Among EU member states, Grand Duchy furthest from Europe 2020 target, occupying last position in 2016 results
Luxembourg is the least ‘green’ country in the European Union (EU) in terms of its share of renewable sources.
In its gross final consumption of energy, Luxembourg’s share of renewable sources amounts to 5.4% – significantly lower than the EU 16.7% average.
This places the Grand Duchy in last position among all EU member states for 2016 results, behind the Netherlands and Malta at 6%.
Sweden had the highest share, with more than half of its energy coming from renewable sources in its final consumption, scoring 53%, followed by Finland at 38.7% and Latvia at 37.2%.
The share of renewables in gross final consumption of energy is one of the headline indicators of the Europe 2020 strategy.
The EU’s target is to obtain 20% by 2020 and at least 27% by 2030.
Figures from the EU’s statistics office, Eurostat, show 11 member states have already achieved their 2020 targets.
Luxembourg’s target in two years’ time is 11%.
It and the UK are the two members furthest from meeting their targets.
Each member state is given its own target, which takes into account the country’s renewable energy potential and economic performance.
Sweden has a target of 49%, Finland 38% and Latvia 40%.
Luxembourg’s economy minister, Etienne Schneider, said on Friday the country was “on the right track” to achieve its 2020 target.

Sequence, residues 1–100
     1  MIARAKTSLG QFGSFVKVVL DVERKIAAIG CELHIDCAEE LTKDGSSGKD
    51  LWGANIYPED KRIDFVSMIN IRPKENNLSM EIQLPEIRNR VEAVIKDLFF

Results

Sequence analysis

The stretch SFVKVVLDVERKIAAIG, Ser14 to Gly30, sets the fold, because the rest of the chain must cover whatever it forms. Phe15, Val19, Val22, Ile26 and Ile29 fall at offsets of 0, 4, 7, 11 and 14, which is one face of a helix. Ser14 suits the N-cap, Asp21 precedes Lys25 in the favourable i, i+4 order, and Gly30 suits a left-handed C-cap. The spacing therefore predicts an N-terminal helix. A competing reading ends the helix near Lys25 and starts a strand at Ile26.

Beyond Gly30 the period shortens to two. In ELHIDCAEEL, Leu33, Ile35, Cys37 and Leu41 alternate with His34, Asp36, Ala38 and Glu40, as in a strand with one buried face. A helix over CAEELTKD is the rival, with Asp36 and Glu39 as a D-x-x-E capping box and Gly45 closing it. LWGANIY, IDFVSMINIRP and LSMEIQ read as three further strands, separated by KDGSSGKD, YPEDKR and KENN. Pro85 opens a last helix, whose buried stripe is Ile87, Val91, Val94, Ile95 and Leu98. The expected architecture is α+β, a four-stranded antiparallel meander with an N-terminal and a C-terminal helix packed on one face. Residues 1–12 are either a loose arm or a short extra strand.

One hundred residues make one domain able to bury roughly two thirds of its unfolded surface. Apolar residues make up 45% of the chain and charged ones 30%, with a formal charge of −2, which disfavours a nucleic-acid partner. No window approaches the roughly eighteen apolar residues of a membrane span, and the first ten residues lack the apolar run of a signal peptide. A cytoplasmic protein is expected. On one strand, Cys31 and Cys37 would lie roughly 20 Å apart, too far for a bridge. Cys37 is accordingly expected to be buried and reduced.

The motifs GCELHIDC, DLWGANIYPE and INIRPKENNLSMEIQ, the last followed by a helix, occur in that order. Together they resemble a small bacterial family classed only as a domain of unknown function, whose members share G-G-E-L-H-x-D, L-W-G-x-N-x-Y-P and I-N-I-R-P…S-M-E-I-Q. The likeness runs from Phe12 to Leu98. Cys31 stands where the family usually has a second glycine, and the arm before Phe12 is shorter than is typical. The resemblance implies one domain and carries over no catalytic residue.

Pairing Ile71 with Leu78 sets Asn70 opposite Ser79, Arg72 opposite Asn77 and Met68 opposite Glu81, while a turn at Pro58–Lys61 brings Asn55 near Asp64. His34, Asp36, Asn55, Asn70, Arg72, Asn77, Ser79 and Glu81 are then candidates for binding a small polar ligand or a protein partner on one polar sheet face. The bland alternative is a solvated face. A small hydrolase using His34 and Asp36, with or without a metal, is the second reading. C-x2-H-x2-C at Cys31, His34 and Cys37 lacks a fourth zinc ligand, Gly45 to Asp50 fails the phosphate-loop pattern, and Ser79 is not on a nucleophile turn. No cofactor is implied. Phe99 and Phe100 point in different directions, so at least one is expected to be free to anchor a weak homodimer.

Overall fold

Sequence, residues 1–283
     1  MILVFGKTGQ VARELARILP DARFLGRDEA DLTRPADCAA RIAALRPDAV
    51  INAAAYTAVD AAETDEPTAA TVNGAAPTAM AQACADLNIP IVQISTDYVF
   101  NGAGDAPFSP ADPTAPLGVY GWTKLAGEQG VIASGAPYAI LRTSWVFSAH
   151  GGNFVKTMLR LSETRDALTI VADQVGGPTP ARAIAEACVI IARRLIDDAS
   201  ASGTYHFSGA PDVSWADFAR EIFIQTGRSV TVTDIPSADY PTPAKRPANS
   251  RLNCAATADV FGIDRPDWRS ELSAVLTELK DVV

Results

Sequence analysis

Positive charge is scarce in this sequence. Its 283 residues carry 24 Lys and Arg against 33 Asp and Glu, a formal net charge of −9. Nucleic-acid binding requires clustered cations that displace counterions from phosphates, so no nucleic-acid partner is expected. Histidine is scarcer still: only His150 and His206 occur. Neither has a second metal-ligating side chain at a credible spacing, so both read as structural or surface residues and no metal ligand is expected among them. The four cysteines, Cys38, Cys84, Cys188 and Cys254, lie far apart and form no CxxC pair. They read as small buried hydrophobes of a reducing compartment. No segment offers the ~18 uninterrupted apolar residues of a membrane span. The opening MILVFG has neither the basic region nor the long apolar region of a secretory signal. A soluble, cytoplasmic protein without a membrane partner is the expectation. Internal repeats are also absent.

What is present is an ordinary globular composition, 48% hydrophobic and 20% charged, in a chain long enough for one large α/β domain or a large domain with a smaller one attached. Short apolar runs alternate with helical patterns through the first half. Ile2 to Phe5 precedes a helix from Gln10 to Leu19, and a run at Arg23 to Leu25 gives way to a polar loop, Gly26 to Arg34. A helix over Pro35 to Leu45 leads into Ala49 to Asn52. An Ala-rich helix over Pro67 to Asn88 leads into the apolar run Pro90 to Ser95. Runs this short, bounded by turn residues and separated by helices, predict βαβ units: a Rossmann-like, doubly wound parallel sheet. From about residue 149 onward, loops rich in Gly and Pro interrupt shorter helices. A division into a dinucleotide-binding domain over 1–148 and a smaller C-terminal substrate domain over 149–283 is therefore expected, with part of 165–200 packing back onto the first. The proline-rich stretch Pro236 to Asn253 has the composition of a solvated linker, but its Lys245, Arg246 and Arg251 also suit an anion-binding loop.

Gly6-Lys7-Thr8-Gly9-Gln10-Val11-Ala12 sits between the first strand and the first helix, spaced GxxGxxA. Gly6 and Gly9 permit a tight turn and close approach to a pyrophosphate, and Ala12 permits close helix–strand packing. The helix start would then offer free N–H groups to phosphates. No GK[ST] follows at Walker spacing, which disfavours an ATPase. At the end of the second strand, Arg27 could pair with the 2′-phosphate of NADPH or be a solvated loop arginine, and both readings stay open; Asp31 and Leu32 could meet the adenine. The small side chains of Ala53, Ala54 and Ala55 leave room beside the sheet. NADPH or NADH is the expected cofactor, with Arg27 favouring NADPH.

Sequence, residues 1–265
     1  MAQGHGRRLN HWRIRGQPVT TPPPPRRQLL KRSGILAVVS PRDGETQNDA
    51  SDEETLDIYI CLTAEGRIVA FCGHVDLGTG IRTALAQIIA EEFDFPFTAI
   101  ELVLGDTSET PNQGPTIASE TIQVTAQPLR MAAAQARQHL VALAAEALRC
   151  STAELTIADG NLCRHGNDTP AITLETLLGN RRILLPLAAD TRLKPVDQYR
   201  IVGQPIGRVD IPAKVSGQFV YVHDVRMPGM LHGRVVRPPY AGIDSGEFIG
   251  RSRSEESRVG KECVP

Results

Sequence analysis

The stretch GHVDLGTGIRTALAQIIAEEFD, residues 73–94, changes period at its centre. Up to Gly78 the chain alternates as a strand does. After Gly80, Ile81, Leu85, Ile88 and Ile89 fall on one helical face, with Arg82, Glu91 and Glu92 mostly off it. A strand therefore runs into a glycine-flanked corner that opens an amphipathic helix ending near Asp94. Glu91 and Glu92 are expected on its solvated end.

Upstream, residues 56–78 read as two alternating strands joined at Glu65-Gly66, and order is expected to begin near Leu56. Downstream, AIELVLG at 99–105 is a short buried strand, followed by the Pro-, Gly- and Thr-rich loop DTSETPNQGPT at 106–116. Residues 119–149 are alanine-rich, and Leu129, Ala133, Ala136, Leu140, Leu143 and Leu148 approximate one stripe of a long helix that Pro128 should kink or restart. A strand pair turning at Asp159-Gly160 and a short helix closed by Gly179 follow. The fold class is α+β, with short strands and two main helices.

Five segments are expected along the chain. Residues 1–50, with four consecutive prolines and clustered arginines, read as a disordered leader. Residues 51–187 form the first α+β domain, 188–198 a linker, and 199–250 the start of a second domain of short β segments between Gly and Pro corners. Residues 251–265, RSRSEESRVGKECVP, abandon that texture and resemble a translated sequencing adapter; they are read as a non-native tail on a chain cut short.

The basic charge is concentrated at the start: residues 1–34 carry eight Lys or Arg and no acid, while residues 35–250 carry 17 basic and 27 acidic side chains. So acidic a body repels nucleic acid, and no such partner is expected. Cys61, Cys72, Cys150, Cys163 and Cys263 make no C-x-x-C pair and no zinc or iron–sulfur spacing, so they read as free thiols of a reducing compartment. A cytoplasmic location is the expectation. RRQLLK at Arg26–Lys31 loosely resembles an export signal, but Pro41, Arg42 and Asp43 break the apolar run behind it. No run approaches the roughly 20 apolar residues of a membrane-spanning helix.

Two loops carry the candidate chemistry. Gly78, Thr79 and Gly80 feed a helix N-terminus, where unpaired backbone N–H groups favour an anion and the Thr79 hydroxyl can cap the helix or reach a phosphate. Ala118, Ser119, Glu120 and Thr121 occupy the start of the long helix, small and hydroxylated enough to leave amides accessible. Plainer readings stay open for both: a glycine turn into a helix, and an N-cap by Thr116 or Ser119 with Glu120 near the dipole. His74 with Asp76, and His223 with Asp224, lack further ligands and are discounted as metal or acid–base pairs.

He highlighted the government council outlined an action plan in 2010 and claimed Luxembourg’s 2016 results were above the figures forecast in the document.
Schneider said the government’s efforts were proving positive, “in particular with regards to support for wind, solar and biomass energy”.
In October last year, Luxembourg signed a statistical transfer agreement with Lithuania in a bid to help the Grand Duchy achieve its national renewable energy objectives for 2020.
The Baltic state, which already reached its 2020 target of 23% in 2015 and scored 25.6% in 2016, will transfer a minimum of 700 Gigawatt hour (GWh) between 2018 and 2020 to help Luxembourg fulfil its national renewable energy target.
The agreement marked the first cooperation deal on the statistical tranfer of renewable energy amount between two EU member states.
It came following advice for the Renewable Energy directive, initiated by the European Comission, to allow members states with more cost-effective and greater potential in renewable energy to help other countries reach their national targets.